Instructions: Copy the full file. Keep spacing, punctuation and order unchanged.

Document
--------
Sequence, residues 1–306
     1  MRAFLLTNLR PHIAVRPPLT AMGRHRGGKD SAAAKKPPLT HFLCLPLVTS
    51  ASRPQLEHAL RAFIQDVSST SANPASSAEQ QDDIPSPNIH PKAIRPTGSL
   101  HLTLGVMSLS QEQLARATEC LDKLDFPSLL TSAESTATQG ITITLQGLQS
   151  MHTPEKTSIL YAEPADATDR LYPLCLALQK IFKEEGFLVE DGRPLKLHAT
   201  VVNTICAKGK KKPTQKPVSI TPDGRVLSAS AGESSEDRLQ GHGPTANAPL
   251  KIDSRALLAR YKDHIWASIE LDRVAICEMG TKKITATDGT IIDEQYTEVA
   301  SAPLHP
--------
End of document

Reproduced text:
Sequence, residues 1–306
     1  MRAFLLTNLR PHIAVRPPLT AMGRHRGGKD SAAAKKPPLT HFLCLPLVTS
    51  ASRPQLEHAL RAFIQDVSST SANPASSAEQ QDDIPSPNIH PKAIRPTGSL
   101  HLTLGVMSLS QEQLARATEC LDKLDFPSLL TSAESTATQG ITITLQGLQS
   151  MHTPEKTSIL YAEPADATDR LYPLCLALQK IFKEEGFLVE DGRPLKLHAT
   201  VVNTICAKGK KKPTQKPVSI TPDGRVLSAS AGESSEDRLQ GHGPTANAPL
   251  KIDSRALLAR YKDHIWASIE LDRVAICEMG TKKITATDGT IIDEQYTEVA
   301  SAPLHP